Learning Data tree operations FASTER !?

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( Charles C.) #1

Hi guys,

Do you have any advices, or web site, or tricks to help me learn data tree operations faster ?

It always took me years to achieve simple data tree operations, like: replace all indexes in a list which are smaller then 5, or splinting branches, or subdivides list, etc… List management, data tree management is still quite unclear to me.

Do you know good wesites, not explaining step by step, but only showing pictures of data trees operations ?! Like planty of this :

Thank you :slight_smile:


( Charles C.) #2

no one ?


(Michael Pryor) #3

Best way to learn Gh. Go to reputable workshops and try to solve other peoples problems on this forum (even if you don’t post a reply, do it for yourself). Struggling through real problems is how you learn and if you don’t have enough problems to solve the forum is full of them.


#4

I agree, @billytalent.exe . I’m getting quite proficient with Grasshopper and starting to take on quite complex projects and production tasks. However, I find I’m often stuck in the weeds managing trees and wasting a lot of time massaging data.

I’d love if there was some kind of little exercise pack with different problems to attempt with good solutions attached and maybe some useful tips or typical combinations. I know for example Python and Numpy have quite a few resources like that where you have exercises to attempt and have some expert solutions available.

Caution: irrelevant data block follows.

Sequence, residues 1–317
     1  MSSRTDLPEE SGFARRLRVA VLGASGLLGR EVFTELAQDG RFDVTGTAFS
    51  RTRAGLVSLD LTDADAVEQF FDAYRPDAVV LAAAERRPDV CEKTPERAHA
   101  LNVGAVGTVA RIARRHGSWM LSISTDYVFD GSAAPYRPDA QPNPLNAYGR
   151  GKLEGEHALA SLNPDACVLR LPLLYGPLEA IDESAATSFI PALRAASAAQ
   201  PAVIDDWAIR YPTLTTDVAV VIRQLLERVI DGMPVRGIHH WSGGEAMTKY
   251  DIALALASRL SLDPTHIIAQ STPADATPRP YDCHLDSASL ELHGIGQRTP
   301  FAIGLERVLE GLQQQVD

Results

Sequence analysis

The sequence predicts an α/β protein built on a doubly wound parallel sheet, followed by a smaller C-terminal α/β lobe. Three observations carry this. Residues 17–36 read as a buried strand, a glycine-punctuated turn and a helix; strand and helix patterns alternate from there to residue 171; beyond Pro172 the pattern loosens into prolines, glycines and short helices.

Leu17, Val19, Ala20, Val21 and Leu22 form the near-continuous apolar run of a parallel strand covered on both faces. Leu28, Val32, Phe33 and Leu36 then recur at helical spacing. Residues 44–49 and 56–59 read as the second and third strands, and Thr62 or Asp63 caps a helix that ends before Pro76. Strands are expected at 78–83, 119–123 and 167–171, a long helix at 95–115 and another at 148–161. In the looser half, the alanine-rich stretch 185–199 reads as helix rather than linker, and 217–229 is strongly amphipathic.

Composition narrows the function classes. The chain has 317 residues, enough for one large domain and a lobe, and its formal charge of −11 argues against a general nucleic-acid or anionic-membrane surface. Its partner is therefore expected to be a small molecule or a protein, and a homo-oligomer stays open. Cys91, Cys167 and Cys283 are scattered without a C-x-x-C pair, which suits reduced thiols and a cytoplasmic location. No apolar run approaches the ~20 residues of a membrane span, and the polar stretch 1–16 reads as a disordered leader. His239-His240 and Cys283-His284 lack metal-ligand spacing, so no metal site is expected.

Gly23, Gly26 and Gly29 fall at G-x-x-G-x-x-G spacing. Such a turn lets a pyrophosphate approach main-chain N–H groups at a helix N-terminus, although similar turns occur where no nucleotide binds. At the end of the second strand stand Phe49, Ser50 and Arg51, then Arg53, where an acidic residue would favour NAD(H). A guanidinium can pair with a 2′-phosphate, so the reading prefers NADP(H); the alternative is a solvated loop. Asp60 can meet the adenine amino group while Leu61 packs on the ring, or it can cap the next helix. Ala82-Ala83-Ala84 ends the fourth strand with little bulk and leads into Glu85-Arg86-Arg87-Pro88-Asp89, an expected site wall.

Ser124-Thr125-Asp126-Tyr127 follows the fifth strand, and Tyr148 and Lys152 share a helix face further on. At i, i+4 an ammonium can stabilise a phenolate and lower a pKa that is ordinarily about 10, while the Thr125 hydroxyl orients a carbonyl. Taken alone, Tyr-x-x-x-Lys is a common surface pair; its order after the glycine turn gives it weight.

I just found this video series by @DavidRutten : https://vimeopro.com/rhino/grasshopper-masterclass-with-david-rutten/video/79914769 I’m hoping to sink my teeth into it in the next few days.

@Michael_Pryor You bring up a good point. Being exposed to a variety of problems is a good way to learn. However, I find I solve these using methods I know work as far as tree management goes but aren’t necessarily efficient.


( Charles C.) #5

Thank you @Louis_Leblanc that’s exactly what I’m talking about, I didn’t know this series of videos !

And Yes I agree with you both @Michael_Pryor and @Louis_Leblanc, learning through practice and exercices is a really good way to learn. But learning only this way is long a not efficient. I think we need at least a basic guide to go througt all these data tree operations. And for now information about these operations is spread…


(Michael Pryor) #6

I think we need at least a basic guide to go througt all these data tree operations. And for now information about these operations is spread…

I think it is because there is not really a definitive way to use data trees. There are so many different ways to do things. One thing I used to do when I started was to keep solving a problem over and over to make it as compact as possible, many failed attempts but learned a lot from it as well.

A general rule of thumb is, if you have to copy/paste any sequence of components you are more than likely not being optimal in your approach. So take a second to think about how you can stream line it, and don’t be afraid to fail a few times in the process. A recent good example by @HS_Kim on this post: Multi-surface rotation thru point attraction where he turned this from another user:

into this compact (and more parametric) way here: